In 19 June 1865, Gordon Granger, a Union general during the American Civil War, rode into Texas to inform slaves that they were free. In the US, this date is known as ‘Juneteenth’ and it is widely celebrated as emancipation day.
However, 156 years later, the descendants of enslaved and colonised people still face racial oppression in the US and around the world. Despite the global racial justice protests last summer – sparked by the police murders of George Floyd and Breonna Taylor – the underlying system of racial capitalism and state violence hasn’t gone away.
Racial inequity is perpetrated by an economic system that divides people according to their nationality, their wealth and the colour of their skin – and disproportionately leaves Black and brown communities on the front lines of every crisis, from climate change to COVID-19.
But in the wake of COVID-19, there is an opportunity to redesign our economic paradigm into one that fundamentally values Black and brown lives.
As Dr. Ron Daniels and Rev. Ronnie Galvin wrote nearly a year ago:
“We need to design and bring into being an economy in which repair is a natural and reflexive impulse embedded in its operating system.”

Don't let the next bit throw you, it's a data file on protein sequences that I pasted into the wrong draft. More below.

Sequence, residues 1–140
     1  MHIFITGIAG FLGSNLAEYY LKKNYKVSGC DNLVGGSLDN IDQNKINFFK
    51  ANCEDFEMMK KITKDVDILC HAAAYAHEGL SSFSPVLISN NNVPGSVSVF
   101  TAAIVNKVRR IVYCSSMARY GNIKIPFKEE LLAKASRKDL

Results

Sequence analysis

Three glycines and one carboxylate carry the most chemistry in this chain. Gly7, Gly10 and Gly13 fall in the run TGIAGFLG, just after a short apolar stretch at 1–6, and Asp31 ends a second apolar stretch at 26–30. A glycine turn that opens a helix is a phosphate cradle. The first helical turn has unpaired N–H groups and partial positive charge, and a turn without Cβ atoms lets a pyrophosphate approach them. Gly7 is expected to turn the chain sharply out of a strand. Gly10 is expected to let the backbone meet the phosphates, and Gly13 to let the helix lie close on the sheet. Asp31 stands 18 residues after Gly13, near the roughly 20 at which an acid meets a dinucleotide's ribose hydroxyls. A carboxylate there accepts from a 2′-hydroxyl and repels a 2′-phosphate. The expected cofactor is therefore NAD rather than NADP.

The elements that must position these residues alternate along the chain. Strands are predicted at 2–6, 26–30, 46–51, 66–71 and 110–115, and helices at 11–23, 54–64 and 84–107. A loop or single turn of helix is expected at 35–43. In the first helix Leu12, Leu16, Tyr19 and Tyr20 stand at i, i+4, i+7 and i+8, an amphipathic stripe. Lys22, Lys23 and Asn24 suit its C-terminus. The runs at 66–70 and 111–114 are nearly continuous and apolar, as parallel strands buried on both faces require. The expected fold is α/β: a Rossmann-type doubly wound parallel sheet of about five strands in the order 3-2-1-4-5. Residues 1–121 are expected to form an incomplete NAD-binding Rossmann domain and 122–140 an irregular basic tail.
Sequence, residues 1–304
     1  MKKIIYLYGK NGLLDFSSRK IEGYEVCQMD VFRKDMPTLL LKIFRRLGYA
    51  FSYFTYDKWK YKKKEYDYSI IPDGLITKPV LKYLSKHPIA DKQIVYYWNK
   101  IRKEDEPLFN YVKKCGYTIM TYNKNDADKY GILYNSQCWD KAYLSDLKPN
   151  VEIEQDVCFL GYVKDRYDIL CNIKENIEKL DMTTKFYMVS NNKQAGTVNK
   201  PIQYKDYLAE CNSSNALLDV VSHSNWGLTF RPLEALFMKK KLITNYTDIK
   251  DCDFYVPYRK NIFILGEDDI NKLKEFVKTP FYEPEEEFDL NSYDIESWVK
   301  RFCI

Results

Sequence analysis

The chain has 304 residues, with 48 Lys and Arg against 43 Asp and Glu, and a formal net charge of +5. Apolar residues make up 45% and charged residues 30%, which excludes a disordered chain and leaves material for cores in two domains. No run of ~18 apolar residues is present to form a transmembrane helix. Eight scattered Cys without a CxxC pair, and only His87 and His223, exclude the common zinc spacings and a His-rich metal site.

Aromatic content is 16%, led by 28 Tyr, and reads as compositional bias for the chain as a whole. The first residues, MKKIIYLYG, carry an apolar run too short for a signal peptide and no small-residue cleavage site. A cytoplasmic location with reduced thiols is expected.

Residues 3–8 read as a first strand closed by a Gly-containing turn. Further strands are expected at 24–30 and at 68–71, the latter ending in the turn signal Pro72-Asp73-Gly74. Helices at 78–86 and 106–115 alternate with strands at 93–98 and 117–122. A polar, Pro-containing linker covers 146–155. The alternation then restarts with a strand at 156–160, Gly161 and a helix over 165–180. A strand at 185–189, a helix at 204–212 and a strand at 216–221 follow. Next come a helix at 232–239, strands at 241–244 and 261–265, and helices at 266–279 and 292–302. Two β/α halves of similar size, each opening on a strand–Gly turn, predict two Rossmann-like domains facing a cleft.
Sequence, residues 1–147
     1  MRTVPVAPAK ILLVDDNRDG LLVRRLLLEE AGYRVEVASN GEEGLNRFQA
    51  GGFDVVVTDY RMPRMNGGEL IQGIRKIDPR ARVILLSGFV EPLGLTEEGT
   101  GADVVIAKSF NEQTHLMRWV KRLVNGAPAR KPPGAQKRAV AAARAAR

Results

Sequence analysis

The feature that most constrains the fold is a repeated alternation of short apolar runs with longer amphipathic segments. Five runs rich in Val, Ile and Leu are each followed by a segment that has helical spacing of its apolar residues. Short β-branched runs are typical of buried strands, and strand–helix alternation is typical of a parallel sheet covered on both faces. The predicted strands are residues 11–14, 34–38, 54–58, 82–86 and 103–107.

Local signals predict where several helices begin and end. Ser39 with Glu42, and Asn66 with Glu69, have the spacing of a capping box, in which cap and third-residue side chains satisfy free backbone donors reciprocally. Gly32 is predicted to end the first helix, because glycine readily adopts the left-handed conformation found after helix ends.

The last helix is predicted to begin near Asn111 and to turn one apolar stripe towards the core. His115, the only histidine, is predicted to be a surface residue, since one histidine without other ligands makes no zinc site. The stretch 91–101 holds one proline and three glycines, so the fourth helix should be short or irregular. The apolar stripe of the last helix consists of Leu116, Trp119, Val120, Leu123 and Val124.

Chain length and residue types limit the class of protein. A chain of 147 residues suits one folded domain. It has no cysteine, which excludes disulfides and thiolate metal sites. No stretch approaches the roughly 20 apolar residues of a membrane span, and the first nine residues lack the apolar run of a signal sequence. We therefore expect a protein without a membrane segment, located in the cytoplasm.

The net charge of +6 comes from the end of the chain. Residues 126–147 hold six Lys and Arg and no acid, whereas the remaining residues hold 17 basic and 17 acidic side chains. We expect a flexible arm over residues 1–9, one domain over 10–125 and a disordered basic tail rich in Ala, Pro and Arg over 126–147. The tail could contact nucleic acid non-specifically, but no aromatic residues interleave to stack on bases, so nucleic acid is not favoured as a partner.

They call this the reparative economy.
The reparative economy seeks redress for centuries of harm, and goes beyond financial compensation by tackling the root causes of inequality and exploitation. It prioritises repair and healing over profit; lays the foundation for democratic and sustainable alternatives; and puts power in the hands of everyone, rather than the wealthy few.
Today, we are launching a new series to explore the reparative economy. We invite contributors from around the world to hash out this new economic paradigm together, share expertise, and highlight local models from around the world.
We are looking to grapple with difficult questions. What is owed to whom? What do comprehensive reparative policy agendas entail on local and global scales? What does it mean, in practice, to embed repair and healing into a new economy?
If you would like to contribute to this series, please email: firstname.lastname@example.org.
Teaser image: Public Domain